objDesc.getName() + ' transferred to you.',
                                    objDesc.getName() + ' ' + retrieved.get('name') + ' has been assigned to you. Please click on the link below to view the record.\n\nhttps://login.salesforce.com/?startURL=%2F' + retrieved.get('id')
        );
    }
    */

    global static SObject copyFields(SObject source, SObject destination){
        if(source == null || destination == null){
            return destination;
        }
        final Map<String,Schema.SObjectField> sourceFields = source.getSObjectType().getDescribe().fields.getMap();
        final Map<String,Schema.SObjectField> destinationFields = destination.getSObjectType().getDescribe().fields.getMap();
        final List<Schema.DescribeFieldResult> commonFieldsToCopy = new List<Schema.DescribeFieldResult>();

        Schema.DescribeFieldResult sourceField = null;
        Schema.DescribeFieldResult destinationField = null;
        for(String fieldName : sourceFields.keySet()){ 
            sourceField = sourceFields.get(fieldName).getDescribe();
            if(destinationFields.get(fieldName) != null){
                destinationField = destinationFields.get(fieldName).getDescribe();
                if( !sourceField.isAccessible()
                    || !destinationField.isAccessible()
                    || destinationField.isAutoNumber()
                    || destinationField.isCalculated()
                    || (StringUtils.isBlank((String)destination.get('id')) && !destinationField.isCreateable()) 
                    || (StringUtils.isNotBlank((String)destination.get('id')) && !destinationField.isUpdateable())
                    || sourceField.getType() != destinationField.getType()){
                    //source or destination field either can't or shouldn't be read or written to    
                    continue;
                }
                if(contains(STRING_TYPES,sourceField.getType())){
                    destination.put(sourceField.getName(),(String)source.get(sourceField.getName()));
                } else if(contains(INTEGER_TYPES,sourceField.getType())){
                    destination.put(sourceField.getName(),(Integer)source.get(sourceField.getName()));
                } else if(contains(ID_TYPES,sourceField.getType())){
                    destination.put(sourceField.getName(),(ID)source.get(sourceField.getName()));
                } else if(contains(DOUBLE_TYPES,sourceField.getType())){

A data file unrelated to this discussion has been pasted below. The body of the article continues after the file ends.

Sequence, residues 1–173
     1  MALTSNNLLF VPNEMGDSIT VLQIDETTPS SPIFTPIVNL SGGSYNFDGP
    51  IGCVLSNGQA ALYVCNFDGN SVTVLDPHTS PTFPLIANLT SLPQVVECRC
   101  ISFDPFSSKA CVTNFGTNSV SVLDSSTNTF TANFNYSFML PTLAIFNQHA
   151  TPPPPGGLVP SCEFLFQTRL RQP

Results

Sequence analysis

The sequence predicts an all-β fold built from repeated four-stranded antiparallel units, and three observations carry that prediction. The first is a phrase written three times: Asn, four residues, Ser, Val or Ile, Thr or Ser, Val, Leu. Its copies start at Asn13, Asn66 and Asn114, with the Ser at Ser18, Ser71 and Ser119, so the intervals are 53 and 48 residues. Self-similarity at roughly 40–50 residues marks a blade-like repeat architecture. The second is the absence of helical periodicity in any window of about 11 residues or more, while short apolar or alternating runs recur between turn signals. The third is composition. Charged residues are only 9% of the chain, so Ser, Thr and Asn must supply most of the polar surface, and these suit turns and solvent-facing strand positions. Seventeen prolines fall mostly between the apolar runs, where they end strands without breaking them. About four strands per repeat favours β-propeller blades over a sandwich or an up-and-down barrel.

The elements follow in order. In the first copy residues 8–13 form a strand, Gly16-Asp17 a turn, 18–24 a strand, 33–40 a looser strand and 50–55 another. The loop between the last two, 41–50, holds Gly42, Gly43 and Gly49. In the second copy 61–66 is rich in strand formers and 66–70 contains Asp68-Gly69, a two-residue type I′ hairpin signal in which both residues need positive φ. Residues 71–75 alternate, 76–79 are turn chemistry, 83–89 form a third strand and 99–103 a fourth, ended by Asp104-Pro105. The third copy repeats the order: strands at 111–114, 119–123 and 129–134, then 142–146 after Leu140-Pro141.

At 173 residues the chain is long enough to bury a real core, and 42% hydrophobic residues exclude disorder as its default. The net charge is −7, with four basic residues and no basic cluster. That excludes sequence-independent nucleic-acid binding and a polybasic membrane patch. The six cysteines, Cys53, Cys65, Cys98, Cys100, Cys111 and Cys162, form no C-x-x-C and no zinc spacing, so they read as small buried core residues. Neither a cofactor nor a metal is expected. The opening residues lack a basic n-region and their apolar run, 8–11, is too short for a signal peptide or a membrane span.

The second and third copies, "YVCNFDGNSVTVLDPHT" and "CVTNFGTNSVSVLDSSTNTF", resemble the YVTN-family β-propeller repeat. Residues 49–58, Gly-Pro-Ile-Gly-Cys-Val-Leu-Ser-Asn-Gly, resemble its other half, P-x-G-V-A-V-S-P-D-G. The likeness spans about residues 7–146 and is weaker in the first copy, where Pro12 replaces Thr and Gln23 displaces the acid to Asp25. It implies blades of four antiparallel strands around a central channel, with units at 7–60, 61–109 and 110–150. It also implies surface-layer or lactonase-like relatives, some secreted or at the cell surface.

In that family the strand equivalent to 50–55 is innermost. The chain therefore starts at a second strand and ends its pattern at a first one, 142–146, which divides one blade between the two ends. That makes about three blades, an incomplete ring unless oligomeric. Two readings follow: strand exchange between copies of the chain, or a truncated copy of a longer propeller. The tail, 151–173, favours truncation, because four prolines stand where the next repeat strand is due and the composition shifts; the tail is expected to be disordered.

destination.put(sourceField.getName(),(Double)source.get(sourceField.getName()));
                } else if(contains(DATETIME_TYPES,sourceField.getType())){
                    destination.put(sourceField.getName(),(DateTime)source.get(sourceField.getName()));
                } else if(contains(DATE_TYPES,sourceField.getType())){
                    destination.put(sourceField.getName(),(Date)source.get(sourceField.getName()));
                } else if(contains(BOOLEAN_TYPES,sourceField.getType())){
                    destination.put(sourceField.getName(),(Boolean)source.get(sourceField.getName()));
                }
            }
        }
        return destination;
    }   

    private static Boolean contains(List<Schema.DisplayType> aListActingAsSet, Schema.DisplayType typeToCheck){
        if(aListActingAsSet != null && aListActingAsSet.size() > 0){
            for(Schema.DisplayType aType : aListActingAsSet){
                if(aType == typeToCheck){
                    return true;
                }
            }
        }
        return false;
    }

    global static Object putQuietly(SObject sobj, String fieldName, Object value){
        Object old = null;
        if(sobj != null && fieldName != null){
            try{
                old = getQuietly(sobj,fieldName);

                //NOTE:  the following line doesn't handle nulls for some strange reason
                //  in Spring '10.  In order to make it work, the if is needed to explicitly 
                //  pass null.
                //sobj.put(fieldName,value);
                if(value==null){
                    sobj.put(fieldName,null);
                }else{
                    sobj.put(fieldName,value);
                }
            }catch(System.SObjectException e){}
        }
        return old;
    }

    global static Object getQuietly(SObject sobj, String fieldName){
        Object returnValue = null;
        if(sobj != null && fieldName != null){
            try{
                returnValue = sobj.get(fieldName);
            }catch(SObjectException e){}
        }
        return returnValue;
    }


}
  • apex-lang is overly complicated most of the time, and overly protective. For example, here's how I'd write "getQuietly(SObject, String)": try { return sobj.get(fieldName); } catch(exception e) { return null; } Then again, I'd probably not try to suppress all messages anyways, because this only hides logic errors that are hard to find in a developer's code. – sfdcfox Feb 2 '15 at 6:29
  • From my view, its more a case that everything needed to write the utility class exactly he wants is already contained in the code that exists in apex-lang. One can learn a great deal from studying that code. – crmprogdev Feb 2 '15 at 14:23
0

Try R.apex(https://github.com/Click-to-Cloud/R.apex), and it provides tons of utility methods in a functional way. Code like this should work.

R.of(accountList).pluck('Description').toStringList()